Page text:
WASHINGTON — Scott Pruitt, the administrator of the Environmental Protection Agency, told a Senate panel on Wednesday that one of his employees had worked without pay on her personal time to find him a place to live, a service that Democrats said amounted to a violation of federal law.
He also confirmed that he had established a legal defense fund to defray the costs of defending himself against 12 federal investigations into his spending and management decisions. …

While President Trump has said he continues to support his embattled E.P.A. chief, senior members of the White House staff have opened a renewed push to persuade their boss to fire Mr. Pruitt. …

May 17, 2018
Who's donating to Pruitt's defense? Time will tell

Kevin Bogardus, E&E News reporter Greenwire: Thursday,

You may wait a long time to see who is contributing to EPA Administrator Scott Pruitt's legal defense fund.

Like other federal officials, the EPA chief is required to report gifts, like travel and tickets to events, he has received on his public financial disclosure report. That also includes contributions to the legal defense fund established for his benefit, according to guidance on the Office of Government Ethics' website.

But those reports are filed just once a year. If Pruitt's legal defense fund was created this year, he will report contributions as gifts on his financial disclosure report covering the 2018 calendar year. That report isn't required to be filed until May 2019 at the earliest.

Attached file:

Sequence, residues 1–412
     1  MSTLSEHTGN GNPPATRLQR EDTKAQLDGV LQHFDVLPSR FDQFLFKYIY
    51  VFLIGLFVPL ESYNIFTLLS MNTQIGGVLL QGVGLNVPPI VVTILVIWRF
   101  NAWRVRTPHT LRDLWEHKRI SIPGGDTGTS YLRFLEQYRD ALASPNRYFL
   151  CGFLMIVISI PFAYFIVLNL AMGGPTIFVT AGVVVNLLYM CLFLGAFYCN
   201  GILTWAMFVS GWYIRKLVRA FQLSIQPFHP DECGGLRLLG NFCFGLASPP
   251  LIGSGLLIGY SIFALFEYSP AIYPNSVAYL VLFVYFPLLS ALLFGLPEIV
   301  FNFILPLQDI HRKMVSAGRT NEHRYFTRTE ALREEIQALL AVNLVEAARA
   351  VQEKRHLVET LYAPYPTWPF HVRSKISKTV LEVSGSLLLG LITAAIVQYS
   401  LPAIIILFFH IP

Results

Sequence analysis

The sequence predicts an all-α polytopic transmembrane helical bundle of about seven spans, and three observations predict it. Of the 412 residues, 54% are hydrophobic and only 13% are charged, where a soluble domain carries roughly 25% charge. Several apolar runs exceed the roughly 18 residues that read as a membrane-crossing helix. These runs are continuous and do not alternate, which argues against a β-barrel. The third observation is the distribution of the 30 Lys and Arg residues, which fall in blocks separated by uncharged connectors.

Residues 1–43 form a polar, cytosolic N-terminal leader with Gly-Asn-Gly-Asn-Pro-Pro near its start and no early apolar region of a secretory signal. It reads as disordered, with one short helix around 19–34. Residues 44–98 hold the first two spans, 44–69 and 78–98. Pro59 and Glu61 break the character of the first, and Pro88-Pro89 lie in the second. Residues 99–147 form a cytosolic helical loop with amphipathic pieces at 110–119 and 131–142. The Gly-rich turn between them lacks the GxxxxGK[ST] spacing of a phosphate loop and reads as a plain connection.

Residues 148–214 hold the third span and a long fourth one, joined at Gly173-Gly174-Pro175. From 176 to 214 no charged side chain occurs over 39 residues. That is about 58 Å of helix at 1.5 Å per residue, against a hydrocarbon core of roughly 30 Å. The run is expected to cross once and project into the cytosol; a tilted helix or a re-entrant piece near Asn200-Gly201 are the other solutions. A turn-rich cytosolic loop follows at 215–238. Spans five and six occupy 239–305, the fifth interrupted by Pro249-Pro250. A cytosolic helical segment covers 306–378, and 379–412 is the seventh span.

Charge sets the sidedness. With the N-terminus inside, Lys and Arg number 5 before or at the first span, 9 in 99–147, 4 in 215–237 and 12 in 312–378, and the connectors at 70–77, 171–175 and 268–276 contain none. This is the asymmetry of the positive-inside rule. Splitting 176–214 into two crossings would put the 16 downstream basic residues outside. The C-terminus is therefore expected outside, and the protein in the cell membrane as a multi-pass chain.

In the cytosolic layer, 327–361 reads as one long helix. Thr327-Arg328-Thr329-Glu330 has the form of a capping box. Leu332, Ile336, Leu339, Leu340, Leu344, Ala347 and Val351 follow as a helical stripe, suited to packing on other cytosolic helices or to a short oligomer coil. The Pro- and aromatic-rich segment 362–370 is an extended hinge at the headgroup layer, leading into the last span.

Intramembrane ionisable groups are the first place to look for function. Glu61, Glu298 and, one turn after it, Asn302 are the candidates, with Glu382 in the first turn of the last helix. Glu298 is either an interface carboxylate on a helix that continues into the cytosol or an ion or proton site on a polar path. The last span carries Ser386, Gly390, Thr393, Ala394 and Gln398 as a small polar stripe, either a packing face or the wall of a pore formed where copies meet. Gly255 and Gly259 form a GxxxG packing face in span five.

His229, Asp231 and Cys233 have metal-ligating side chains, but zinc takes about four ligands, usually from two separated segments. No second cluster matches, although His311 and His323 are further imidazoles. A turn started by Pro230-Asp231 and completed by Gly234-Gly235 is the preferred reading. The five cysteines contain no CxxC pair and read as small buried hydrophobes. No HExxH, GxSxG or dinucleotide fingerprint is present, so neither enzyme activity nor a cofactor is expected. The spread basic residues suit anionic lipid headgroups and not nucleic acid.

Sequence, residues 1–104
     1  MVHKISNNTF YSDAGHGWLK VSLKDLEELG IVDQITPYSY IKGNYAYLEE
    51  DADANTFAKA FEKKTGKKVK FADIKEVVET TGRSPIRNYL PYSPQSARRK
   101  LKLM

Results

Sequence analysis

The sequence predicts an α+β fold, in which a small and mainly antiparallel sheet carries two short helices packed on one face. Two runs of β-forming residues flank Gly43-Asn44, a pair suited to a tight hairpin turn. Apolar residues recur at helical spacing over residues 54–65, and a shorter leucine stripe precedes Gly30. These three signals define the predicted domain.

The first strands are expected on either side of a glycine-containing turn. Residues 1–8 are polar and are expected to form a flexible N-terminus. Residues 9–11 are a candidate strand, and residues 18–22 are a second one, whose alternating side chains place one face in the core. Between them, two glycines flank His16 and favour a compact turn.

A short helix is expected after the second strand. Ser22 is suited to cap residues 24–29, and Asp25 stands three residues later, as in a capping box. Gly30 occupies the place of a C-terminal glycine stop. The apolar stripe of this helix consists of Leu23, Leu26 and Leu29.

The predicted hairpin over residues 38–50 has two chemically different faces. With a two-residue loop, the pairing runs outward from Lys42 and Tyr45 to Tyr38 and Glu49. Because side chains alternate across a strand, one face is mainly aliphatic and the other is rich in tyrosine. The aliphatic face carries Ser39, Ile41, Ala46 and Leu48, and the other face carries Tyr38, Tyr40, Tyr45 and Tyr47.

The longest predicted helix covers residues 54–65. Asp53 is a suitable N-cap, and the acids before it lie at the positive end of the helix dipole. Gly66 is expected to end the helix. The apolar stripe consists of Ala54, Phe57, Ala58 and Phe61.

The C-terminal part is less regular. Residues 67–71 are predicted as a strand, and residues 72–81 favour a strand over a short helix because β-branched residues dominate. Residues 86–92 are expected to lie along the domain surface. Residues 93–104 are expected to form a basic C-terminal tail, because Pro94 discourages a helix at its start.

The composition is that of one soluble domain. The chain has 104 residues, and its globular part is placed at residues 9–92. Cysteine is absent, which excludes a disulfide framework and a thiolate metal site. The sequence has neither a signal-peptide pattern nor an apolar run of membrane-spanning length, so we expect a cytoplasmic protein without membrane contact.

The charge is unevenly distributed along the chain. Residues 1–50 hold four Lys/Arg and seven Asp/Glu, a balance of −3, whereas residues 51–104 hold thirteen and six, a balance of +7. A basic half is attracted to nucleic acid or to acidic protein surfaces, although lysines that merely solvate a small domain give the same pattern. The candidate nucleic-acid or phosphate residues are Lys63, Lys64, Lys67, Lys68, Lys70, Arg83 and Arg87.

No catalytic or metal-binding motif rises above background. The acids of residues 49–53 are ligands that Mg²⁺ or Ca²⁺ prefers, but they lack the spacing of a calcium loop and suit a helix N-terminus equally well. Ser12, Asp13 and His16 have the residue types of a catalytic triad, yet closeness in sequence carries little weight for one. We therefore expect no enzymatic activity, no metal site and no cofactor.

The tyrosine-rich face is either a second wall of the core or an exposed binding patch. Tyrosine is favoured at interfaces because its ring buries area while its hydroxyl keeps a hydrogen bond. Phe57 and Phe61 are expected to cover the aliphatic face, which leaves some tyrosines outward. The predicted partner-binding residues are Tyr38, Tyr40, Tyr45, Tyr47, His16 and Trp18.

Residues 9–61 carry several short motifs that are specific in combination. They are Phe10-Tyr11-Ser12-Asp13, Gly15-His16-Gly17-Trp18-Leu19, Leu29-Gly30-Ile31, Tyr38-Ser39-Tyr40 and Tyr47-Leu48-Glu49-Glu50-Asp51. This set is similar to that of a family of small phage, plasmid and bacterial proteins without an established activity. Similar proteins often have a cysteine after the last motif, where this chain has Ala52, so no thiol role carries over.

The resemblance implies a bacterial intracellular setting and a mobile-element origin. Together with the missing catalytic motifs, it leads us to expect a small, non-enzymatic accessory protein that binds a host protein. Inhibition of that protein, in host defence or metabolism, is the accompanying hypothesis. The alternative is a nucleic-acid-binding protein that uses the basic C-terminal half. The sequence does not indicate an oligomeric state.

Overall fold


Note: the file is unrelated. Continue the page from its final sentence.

"We're not going to find out until a year after the fact," Craig Holman, a government affairs lobbyist with Public Citizen, told E&E News. "That is ridiculous lag time. … 

… At a Senate hearing yesterday, Pruitt confirmed that he has created a legal defense fund as he grapples with multiple investigations into his pricey travel, ramped-up security and rent of a Capitol Hill condo linked to a lobbyist whose firm's clients have business before EPA. He said that he wouldn't accept donations from lobbyists or corporations that have interests related to the agency and that he would disclose the fund's donors (E&E News PM, May 16). …

'Public interest at risk’ …

Pruitt taps outside attorney for help amid investigations

EPA administrator Scott Pruitt has tapped a white-collar defense lawyer to advise him as he grapples with a dozen federal investigations into his activity, according to two people familiar with the situation.

Paul Rauser, co-founder of the firm Aegis Law Group, has been assisting Pruitt for several weeks as the Environmental Protection Agency chief faces fierce scrutiny …

One recent story in particular got the president’s attention: a report that conservative radio and television host Hugh Hewitt brokered a meeting with Pruitt to push for the cleanup of a polluted site in California. The story reignited Trump’s lingering frustrations with Hewitt, who he believes was unfairly critical of him during the presidential campaign, …

… Another lawyer working with Pruitt, Foley and Lardner partner Cleta Mitchell, helped set up the fund, according to a person familiar with the issue. The Washington Post first reported Mitchell’s involvement in the fund, …”